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Performance of multi-species grassland mixtures. Mineral accumulation, nitrogen transfer and nitrogen uptake

Pirhofer-Walzl, Karin (2011) Performance of multi-species grassland mixtures. Mineral accumulation, nitrogen transfer and nitrogen uptake. PhD thesis, University of Copenhagen, Department of Agriculture and Ecology. . [Unpublished]

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Summary

This thesis is located within the framework of research on temperate agricultural grasslands. Plant diversity in temperate agricultural grasslands is impoverished today. Many conventional grasslands in Europe consist of simple grass mixtures, sometimes monocultures. Organic and increasingly conventional grasslands are sown as mixtures of grasses and legumes and from time to time as multi-species mixtures that include forage herbs. Temporary grasslands are regularly resown or incorporated in a crop rotation and produce ruminant fodder. Some studies indicate that various forage herbs have traits that may complement grass-legume mixtures; among others, increased macro- and micromineral concentration. Hence multi-species grassland mixtures, comprising grasses, legumes and herbs, may have a potential to improve common grasslands consisting of low plant diversity. The legume component of a grass-legume mixture contributes to nitrogen (N) self-sufficiency of the grassland because of its ability for symbiotic N2 fixation, which allows reduced fertilizer application. Several studies present a positive plant diversityproductivity relationship for temporary European grasslands. Increased soil nutrient use in grasslands with higher plant diversity may be one explanation, where, for example, deep-rooted plant species enable nutrient uptake from deep soil layers. In a state of limbo between ecological hypotheses and agricultural needs, and with the background of limited information on forage herbs and multi-species grassland mixtures, the objective of this Ph.D. study was to quantify the performance of multi-species grassland mixtures in terms of three nutrient processes: 1) mineral accumulation, 2) nitrogen transfer and 3) nitrogen uptake. Three field experiments were conducted in Denmark: two on a loamy-sandy site and one on a sandy-loamy site. The four forage herbs – chicory (Cichorium intybus L.), plantain (Plantago lanceolata L.), salad burnet (Sanguisorba minor L.) and caraway (Carum carvi L.) – grown in a nine-species grass-legume-herb mixture showed in my first field experiment, potential in increasing the macro- and micromineral quality of ruminant fodder derived from grasslands. In a second experiment, legumes, which were confirmed to be the N-richest forage plants of the multi-species mixture, donated N to all nine neighboring plants. Grasses (xFestulolium and Lolium perenne L.) received the largest amount of N among the receiver plants, mainly from white clover (Trifolium repens L.), and slurry application mainly stimulated N transfer from legumes towards grasses. The third experiment confirmed the strong N absorption characteristic of perennial ryegrass when grown in a multispecies mixture. When deep-rooted chicory and lucerne (Medicago sativa L.) were added to a shallow-rooted perennial ryegrass-white clover mixture, total N uptake from three vertical soil layers of this four-species grass-legume-herb mixture did not increase. Chicory, however, took up greater proportions of N from deeper soil layers compared with the other plant species. This study showed that multi-species grassland mixtures have the potential to improve the common simple grass or grass-legume mixtures by reducing the need for external mineral supplementation and by more efficient N use. Yet to use varying plant diversity as a management tool in an agricultural system based on grasslands, more knowledge from grass-legume-herb mixtures to animal performance is needed. Ecologists, agronomists and seed companies may work together to develop improved sustainable grasslands which to a certain extent may mimic natural grasslands.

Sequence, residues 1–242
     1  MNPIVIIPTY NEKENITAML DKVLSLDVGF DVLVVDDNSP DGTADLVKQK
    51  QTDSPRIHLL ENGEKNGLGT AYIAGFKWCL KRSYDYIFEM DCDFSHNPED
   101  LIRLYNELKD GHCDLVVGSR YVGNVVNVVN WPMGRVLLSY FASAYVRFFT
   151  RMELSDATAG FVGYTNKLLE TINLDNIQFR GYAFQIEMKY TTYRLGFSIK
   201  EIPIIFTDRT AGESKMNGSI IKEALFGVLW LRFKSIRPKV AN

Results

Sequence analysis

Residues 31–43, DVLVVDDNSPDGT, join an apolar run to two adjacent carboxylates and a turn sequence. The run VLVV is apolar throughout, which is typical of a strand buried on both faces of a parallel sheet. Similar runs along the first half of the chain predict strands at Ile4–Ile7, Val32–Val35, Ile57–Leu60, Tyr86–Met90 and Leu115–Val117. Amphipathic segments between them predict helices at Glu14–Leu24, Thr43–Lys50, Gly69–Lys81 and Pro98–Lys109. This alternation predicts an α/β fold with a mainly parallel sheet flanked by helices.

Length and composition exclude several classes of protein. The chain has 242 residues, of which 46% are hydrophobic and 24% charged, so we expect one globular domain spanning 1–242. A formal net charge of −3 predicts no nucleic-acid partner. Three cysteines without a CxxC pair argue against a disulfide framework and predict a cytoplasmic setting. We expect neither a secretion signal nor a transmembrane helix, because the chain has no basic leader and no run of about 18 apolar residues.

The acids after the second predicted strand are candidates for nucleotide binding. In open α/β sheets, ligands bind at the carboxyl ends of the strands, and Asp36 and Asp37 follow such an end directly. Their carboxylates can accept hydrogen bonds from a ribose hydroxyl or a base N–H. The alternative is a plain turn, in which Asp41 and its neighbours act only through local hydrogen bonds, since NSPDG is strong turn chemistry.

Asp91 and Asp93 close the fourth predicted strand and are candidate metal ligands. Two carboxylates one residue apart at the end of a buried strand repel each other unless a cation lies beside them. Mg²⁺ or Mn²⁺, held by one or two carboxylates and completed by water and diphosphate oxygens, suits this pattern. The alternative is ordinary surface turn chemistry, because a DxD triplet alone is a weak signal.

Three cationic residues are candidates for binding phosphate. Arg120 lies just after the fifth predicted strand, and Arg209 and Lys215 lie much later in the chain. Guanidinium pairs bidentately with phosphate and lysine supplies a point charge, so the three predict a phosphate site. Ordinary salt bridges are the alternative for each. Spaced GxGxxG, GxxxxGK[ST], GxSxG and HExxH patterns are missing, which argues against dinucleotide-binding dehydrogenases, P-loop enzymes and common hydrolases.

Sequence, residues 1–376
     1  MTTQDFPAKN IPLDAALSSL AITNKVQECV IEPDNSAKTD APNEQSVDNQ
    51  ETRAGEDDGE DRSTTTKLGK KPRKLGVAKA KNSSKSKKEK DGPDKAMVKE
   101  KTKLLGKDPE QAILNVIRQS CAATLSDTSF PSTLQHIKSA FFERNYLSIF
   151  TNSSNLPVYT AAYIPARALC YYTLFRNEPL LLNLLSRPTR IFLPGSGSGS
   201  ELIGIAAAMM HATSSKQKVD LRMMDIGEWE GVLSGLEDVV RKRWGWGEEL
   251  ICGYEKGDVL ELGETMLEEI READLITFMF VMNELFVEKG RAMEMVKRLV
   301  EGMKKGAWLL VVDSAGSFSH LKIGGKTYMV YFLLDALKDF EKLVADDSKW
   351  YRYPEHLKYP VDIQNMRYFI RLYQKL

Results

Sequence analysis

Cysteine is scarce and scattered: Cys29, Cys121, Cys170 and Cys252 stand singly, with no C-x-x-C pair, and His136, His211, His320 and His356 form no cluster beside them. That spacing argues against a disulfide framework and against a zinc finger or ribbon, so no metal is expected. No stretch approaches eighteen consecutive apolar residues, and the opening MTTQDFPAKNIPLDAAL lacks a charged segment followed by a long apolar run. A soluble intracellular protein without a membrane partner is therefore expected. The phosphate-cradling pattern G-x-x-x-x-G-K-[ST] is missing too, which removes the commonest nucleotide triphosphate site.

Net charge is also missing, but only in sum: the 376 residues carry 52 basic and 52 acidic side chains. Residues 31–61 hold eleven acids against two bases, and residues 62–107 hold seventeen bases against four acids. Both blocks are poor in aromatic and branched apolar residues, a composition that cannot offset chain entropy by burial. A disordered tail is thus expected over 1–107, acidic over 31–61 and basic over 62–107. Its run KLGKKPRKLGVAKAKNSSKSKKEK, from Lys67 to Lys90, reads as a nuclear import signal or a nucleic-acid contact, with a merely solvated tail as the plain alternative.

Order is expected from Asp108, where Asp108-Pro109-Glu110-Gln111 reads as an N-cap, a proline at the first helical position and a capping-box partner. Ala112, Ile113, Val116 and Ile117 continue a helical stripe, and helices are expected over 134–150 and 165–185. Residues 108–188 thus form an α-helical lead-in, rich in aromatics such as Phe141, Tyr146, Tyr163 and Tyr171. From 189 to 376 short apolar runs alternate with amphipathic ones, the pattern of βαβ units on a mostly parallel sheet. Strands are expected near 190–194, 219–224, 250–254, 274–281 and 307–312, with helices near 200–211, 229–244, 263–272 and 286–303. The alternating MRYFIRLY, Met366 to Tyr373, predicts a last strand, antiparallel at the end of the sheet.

EPrint Type:Thesis
Subjects: Crop husbandry > Crop combinations and interactions
Research affiliation: Denmark > DARCOF III (2005-2010) > ORGGRASS - Grass-clover in organic dairy farming
Deposited By: Rasmussen, Associate professor Jesper
ID Code:20646
Deposited On:26 Mar 2012 13:56
Last Modified:01 Jun 2012 13:09
Document Language:English
Status:Unpublished
Refereed:Peer-reviewed and accepted

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